[Pdns-users] PDNS Resolver.
cloos at jhcloos.com
Sat Oct 6 20:17:25 UTC 2007
>>>>> "Brad" == Brad Dameron <Brad.Dameron at clearwire.com> writes:
Brad> pdns_recursor: Unable to parse packet from remote UDP client
Brad> XX.XX.XXX.XXX: Can't parse non-query packet with opcode=4
Brad> Oct 5 08:40:15 rs-2 pdns_recursor: Unable to parse packet from
Brad> remote UDP client XX.XX.XXX.XXX: Can't parse non-query packet with
A bit of googling tells me that opcode 4 is NOTIFY, used by MASTERs to
let their SLAVEs know it is time to do an AXFR or IXFR.
It is possible that customer specified your resolver's IP in an NS RR
for one of their zones?
Brad> pdns_recursor: Ignoring answer from 184.108.40.206 on server
Obviously pdns doesn't like getting replies send back to port 53....
Why your customer's box is doing that is an interesting question.
Brad> Unable to parse packet from remote UDP client 10.85.1.11: Error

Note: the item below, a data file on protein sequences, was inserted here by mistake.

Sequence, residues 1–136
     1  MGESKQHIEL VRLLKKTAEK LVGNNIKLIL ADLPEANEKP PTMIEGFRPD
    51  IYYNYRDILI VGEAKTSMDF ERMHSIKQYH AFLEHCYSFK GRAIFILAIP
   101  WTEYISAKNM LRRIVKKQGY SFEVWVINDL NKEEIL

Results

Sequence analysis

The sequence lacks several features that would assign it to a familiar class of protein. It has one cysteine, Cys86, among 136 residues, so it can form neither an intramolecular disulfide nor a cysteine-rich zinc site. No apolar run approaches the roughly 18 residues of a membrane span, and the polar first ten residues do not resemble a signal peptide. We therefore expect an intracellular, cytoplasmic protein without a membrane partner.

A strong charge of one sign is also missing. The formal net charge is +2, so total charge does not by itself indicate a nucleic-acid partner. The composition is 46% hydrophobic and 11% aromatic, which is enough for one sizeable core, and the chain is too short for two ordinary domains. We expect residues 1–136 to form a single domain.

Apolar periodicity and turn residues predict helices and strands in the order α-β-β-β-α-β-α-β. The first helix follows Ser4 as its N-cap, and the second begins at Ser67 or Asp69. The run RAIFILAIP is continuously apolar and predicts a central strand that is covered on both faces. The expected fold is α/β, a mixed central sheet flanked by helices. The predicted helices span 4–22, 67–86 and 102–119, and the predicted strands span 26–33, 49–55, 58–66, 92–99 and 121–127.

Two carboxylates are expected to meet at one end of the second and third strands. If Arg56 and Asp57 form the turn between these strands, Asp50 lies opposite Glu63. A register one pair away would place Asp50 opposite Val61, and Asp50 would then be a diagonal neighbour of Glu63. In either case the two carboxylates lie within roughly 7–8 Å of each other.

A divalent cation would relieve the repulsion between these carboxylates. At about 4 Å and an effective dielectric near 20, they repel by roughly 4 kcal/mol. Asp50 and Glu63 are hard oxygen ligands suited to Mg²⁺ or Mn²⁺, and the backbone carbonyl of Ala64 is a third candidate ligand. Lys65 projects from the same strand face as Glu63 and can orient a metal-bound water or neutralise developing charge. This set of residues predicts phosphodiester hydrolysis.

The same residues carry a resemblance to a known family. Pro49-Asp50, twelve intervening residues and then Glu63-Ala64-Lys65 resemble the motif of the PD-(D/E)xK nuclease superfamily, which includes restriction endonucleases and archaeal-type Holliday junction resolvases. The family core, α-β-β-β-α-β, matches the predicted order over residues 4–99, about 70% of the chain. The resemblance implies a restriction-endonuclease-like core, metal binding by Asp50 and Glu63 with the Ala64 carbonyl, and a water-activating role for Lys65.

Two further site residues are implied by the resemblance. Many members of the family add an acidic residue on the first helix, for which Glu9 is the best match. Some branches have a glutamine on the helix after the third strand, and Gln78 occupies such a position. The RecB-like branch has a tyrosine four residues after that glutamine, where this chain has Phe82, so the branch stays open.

Brad> parsing packet of 16 bytes (rd=0), out of bounds:
Given that you are serving wireless customers, could that be the result
of packet corruption on the radio link?
AFAICT from reading rfc1035, no query should be smaller than 17 octets,
and that only happens when querying RRs of the root zone. Ie, doing a
dig . NS or a dig . SOA or similar.
If it was not due to packet corruption, perhaps it is a probe. Such as
a UPD ping or traceroute. Or maybe someone ran nmap or similar.
James Cloos <cloos at jhcloos.com> OpenPGP: 1024D/ED7DAEA6
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